The Great Sighting-In Debate, Part 1:
Five Reasons Your Deer Rifle Needs MOA Accuracy
By Steve Sorensen
My dad and uncle were both clustering their bullet holes into tiny groups on a paper target at 100 yards. Half their holes touched each other. For me, it was sheer random luck when one bullet punched a hole within an inch of another.
We were at my uncle’s picnic table sighting in our deer rifles on Thanksgiving weekend many years ago. Dad had an old Winchester Model 54 in .30-06. Uncle Ken also had a .30-06. I had a Savage Model 340 in .222 Remington. We were all shooting bullets my uncle handloaded. We were all shooting at the same distance, with the same sandbags supporting our shooting irons. I wasn’t measuring up to the shooting ability my elders demonstrated. Although I was only 12 or 13, I was embarrassed, especially since everyone told me the .222 was well known to be an accurate cartridge. But my dad said, “Don’t worry about it. All you need to kill a deer is to put your shots into a paper plate. That’s about the same size as the boiler room on a buck.”
And that was my first exposure to the debate:
Do you need minute-of-angle accuracy
in the deer woods? Or are 4-inch groups sufficient
to place a bullet in the deer’s vitals?
What Is a Minute-of-Angle?
Here’s a non-technical definition. A minute-of-angle (MOA) is a mathematical term. A circle is a 360 degree circle, and each degree has 60 minutes, so there are 21,600 minutes in a circle. One of those 21,600 sections of the arc of a circle is a minute-of-angle. If the perimeter of that circle is 100 yards from the center, the distance of one minute on that arc is 1.047 inches. (A minute-of-angle at 50 yards is half that, and at 200 yards is twice that.)
For convenience, shooters usually round a minute-of-angle at 100 yards down to one inch. Although “one-inch groups” and “MOA” are not exactly the same, this article uses them interchangeably.
Hunters still argue over this. In a way, both sides are right. I’ve learned since I sat at that picnic table that there are reasons you need MOA accuracy, and reasons you don’t.
Five Reasons You Need MOA Accuracy
1. Tiny groups give you confidence in you and your rifle.
Some hunters just like to squeeze all the accuracy possible from their deer rifles, or any rifle. When a hunter maximizes accuracy, he gains confidence in his ability as a shooter. After all, a tiny group of five bullets in the target is the result not only of the rifle, but the shooter maximizing the rifle’s capability. For a shooter to prove himself, he needs an accurate rifle.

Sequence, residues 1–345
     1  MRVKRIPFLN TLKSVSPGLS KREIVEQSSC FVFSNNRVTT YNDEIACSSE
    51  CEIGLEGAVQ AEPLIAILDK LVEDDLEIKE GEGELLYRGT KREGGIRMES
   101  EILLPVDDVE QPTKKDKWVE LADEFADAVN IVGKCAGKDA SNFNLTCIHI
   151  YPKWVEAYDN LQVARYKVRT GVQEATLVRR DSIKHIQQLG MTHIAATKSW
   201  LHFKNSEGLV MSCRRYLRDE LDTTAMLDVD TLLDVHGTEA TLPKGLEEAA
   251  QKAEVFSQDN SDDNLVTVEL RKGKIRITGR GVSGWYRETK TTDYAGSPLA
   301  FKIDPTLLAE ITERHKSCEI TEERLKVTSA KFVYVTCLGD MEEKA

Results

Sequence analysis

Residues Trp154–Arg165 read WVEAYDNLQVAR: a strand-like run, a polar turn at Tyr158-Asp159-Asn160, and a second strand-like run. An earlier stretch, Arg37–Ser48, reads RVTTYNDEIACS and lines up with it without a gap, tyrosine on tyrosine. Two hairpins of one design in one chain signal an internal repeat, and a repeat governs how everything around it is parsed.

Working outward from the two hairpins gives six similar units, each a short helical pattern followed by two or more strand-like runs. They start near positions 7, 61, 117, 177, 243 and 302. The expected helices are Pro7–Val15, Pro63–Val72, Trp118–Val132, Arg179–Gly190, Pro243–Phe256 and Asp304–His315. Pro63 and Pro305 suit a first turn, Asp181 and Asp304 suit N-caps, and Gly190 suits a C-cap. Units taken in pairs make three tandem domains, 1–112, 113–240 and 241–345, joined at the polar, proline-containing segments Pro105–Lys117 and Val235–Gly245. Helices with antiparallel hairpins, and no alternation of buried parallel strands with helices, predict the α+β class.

2. Tiny groups give you a sense of accomplishment.
When you get a minute-of-angle group of five bullets (what we usually call a one-inch group), you know you have quality ammunition, and achieved the accuracy your rifle is capable of. That’s worth something when you head into the woods.
This is what most hunters strive for. If you can cluster your bullets into groups like this, it won’t be the rifle’s fault if you miss a deer. (Steve Sorensen photo.)
3. The more accurate the rifle, the fewer deer you’ll miss or wound.
Shooting one-inch groups from a stable bench rest isn’t anything like shooting from a tree limb or shooting offhand. In the field, your groups will be significantly larger. If you’re shooting MOA groups from the bench, but offhand you shoot 8-inch groups, that’s still good enough to hit a deer in the vitals at a reasonable range. But if you’re shooting 4-inch groups from the bench, and they enlarge to 12 inches in field conditions, that’s not good enough. At the margins of a 12-inch group, you’re likely to miss or wound the deer.
4. The more accurate the rifle, the greater your margin for error.
This is a corollary of the third point. Think of the paper target as having an infinite margin for error—if you miss it, so what? However, the deer has a very limited margin for error—his chest. If you miss that 12-inch target, you fail to fill your tag. Or worse, you spend the rest of your hunt trailing a wounded, suffering deer. The smaller your groups in the target, the less likely either of those things will happen.
5. If you miss a deer you know it’s you, not the rifle.
I’ll let you in in a little secret—if you can shoot one-inch groups from a bench, and you miss a deer, it’s most likely your fault. It’s not the rifle. It’s not the scope. It’s not anything else. Some hunters are so cock-sure of their shooting ability that it could never, ever be their fault—so it must be the rifle’s fault. It couldn’t be the scope. It couldn’t be the wind or the rain. It couldn’t be the shooter! But they miss a deer and blame the rifle. They can’t pawn that rifle off on some unsuspecting nimrod fast enough.
There you are—now you know why you need an accurate rifle, one that can thread a bullet between two hairs on a deer’s shoulder. Or do you? What about using a less accurate rifle, maybe a pump like the deer trackers of New England carry? Or a lever gun like a few of those oldtimers who still roam the eastern woodlands? Their guns aren’t known for pinpoint accuracy, so are they at a disadvantage? Stay tuned.
A quick high-shoulder shot from the author’s minute-of-angle rifle dropped this buck in his tracks at 140 yards,. (Steve Sorensen photo.)
Steve Sorensen has published articles in top magazines across the USA, and won the 2015 “Pinnacle” Award for magazine writing. He also writes an award-winning newspaper column called The Everyday Hunter®, and frequently contributes to the Havalon website. Invite Steve to speak at your next sportsman’s event, and follow him at www.EverydayHunter.com.
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